The Voopoo Drag 157w Dual 18650 Mod.

 

I would like to start with a little story.

Back in the early 1990’s I had just learned to drive and cars were a new passion for me, one that persists to this day. I was an avid reader of Autocar magazine, each week I would read it cover to cover, gobbling up information on the new, shiny cars that hit the market. Considering I had a crappy MK.I Fiesta at the time that lacked any kind of refinement, had an oil leak that the Captain of the Exxon Valdez would find troubling and about 35BHP did not matter, I loved cars.

In one of the editions Vauxhall/Opel had just released the replacement for the much loved Nova (Much loved in my native Essex of course. You could not visit Southend on a Saturday night without seeing a Nova tearing up and down the seafront) The new car, to the dismay of people who don’t know which way round to wear a baseball cap, was to be called the Corsa. Why the Corsa? The man from Autocar asked this to the representative from Vauxhall. It turned out that the parent company, Opel, knew that in Spain, a huge market for the car, the word Nova translated into No Go. Not the sort of name that you want on a car to sell to people as a way of going somewhere.

So the name of your new product is important. It is the shop window that will draw people in, to make them want to spend money with your company, the label that you can display with pride when you are asked “What’s that you got there?”

voopoo drag mod
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Let’s get on with the review for the VooPoo Drag……

 

Voopoo Drag mod
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The packaging.

 

The Drag comes in a nice black box which has the usual social media and authenticity checks on the outside. When you lift off the box lid you find the mod sitting proud with the word ‘DRAG’ facing you. Under the layer containing the Drag you have the instructions and a micro USB charging/update cable. The instructions are clear and concise, allowing you to use the various features without shouting ‘What the fuck?” every ten minutes.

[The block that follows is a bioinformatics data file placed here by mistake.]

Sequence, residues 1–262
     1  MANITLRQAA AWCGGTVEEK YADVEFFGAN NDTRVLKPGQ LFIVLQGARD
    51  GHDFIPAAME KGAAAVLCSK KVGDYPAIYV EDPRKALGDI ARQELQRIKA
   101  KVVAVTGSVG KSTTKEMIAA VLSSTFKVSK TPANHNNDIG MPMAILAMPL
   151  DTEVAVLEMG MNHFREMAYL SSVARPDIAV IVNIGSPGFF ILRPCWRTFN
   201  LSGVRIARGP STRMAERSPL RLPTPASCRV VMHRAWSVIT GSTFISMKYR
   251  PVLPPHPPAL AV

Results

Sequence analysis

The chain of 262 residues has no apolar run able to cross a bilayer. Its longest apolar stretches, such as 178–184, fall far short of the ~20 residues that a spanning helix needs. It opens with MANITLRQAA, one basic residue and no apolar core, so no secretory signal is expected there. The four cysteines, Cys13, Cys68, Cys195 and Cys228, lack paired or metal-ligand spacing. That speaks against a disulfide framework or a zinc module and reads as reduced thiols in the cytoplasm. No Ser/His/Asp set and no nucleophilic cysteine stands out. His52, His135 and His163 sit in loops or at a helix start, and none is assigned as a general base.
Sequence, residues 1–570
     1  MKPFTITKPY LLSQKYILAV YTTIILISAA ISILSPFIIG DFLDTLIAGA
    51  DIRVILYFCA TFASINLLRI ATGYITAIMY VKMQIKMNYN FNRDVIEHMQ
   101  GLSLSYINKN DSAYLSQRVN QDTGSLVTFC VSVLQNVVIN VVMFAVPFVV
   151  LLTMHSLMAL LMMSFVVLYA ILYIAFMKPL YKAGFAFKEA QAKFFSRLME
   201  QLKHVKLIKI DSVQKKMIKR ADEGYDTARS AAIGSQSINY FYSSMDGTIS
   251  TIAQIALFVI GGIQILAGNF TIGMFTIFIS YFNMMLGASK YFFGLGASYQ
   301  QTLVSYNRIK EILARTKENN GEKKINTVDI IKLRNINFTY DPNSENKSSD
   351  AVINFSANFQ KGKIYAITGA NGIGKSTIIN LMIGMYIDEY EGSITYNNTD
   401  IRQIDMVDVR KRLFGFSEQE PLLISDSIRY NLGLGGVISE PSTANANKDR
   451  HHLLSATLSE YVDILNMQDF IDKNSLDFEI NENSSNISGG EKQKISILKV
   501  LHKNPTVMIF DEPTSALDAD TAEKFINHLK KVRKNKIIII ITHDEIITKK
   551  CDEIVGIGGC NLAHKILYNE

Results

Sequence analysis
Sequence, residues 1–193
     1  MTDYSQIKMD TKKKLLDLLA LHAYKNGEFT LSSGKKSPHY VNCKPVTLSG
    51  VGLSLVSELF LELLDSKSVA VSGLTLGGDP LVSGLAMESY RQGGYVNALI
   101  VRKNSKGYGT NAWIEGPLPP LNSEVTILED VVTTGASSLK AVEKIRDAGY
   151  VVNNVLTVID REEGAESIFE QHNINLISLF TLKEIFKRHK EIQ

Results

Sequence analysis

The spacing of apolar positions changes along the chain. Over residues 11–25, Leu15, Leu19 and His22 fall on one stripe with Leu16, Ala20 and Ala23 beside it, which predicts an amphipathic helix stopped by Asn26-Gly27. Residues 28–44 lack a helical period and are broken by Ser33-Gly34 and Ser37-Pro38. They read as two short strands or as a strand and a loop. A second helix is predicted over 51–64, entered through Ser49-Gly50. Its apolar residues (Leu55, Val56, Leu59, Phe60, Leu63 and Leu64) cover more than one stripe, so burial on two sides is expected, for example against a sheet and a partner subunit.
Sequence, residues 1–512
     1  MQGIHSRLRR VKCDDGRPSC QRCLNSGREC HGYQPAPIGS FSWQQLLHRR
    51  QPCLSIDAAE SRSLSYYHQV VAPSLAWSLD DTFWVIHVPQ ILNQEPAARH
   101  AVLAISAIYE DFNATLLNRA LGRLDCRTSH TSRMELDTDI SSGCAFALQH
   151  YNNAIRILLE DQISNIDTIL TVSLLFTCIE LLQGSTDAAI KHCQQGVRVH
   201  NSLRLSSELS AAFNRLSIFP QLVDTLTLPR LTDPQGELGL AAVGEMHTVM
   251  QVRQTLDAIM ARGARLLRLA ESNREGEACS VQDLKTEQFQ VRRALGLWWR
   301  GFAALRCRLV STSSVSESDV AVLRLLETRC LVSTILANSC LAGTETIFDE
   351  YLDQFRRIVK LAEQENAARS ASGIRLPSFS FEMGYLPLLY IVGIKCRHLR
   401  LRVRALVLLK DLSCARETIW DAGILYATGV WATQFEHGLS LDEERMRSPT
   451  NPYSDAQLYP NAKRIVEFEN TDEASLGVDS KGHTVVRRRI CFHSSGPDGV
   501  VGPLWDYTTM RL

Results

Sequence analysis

There is nothing out of the ordinary about the packaging, it does have a feel of quality going on. Opening up this VooPoo product is a standard affair that will be familiar to anyone who has bought a mod from any company in the last year.

 

Voopoo Drag spec
Click to enlarge specs

The Mod.

The VooPoo Drag is a 157 Watt, dual 18650 box mod that has Temperature Control for Stainless Steel, Nickel and Titanium. It is constructed from steel and has balanced charging and upgradable firmware via the micro USB.

voopoo drag
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That’s the facts out of the way, and very interesting they are, but what’s it like? Well, in some ways, it feels a bit last year. It has a very squared off feel to it, all edges and points. The styling is…….unsubtle. On one side of the mod there is a carbon fibre affair going on, I think. It looks like a type of carbon fibre, but a sort of jazzed up version. There is a lot more silver going on than just a subtle carbon weave. Some of the Drags I have seen have a red tinge to them on this panel, VooPoo have also just released a resin version recently, which is….interesting. On the same side you have the word VooPoo laser etched on the mod, it’s very small though and easily missed.

voopoo drag
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What is not easily missed is the word ‘DRAG’ when you turn the mod over. The word is also laser etched onto the mod but is not small, oh no. It covers the whole side of the mod, capital letters, shouting it’s name to the rooftops. The type of laser etching that has been used though is interesting. I found it easy to mark this side of the Drag, the pictures that accompany this article bear testament to this. I have come to the conclusion that the type of laser etching that VooPoo have used is the ‘Licked on by kittens’ type. It has not disappeared while I have been using it, but it looks well worn.

Voopoo Drag Battery compartment
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When you remove the battery door from the Drag it has a nice robustness to it. There are two large magnets that secure it firmly without movement. Inside, the battery sled is neat and well presented. The way to insert your batteries is clear and there is also a nice warning about not using batteries with damaged wraps.

Voopoo Drag Overhang
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The mod itself is a rectangle with a difference. The difference is that it has two corners angled at 45 degrees. All around the edge of the Drag is a lip that reduces the width by approximately 2mm. I feel this has been done, along with the angled corners, to soften the overall effect of the mod, to make it more ergonomic. This is only a partial success that comes with a downside of creating an overhang effect on any atomiser over 22mm. They do not overhang the sides, just over the lip. Anyone with ‘Overhang OCD’ (a recognised medical condition in vaping, ask a Doctor) will not like the Drag.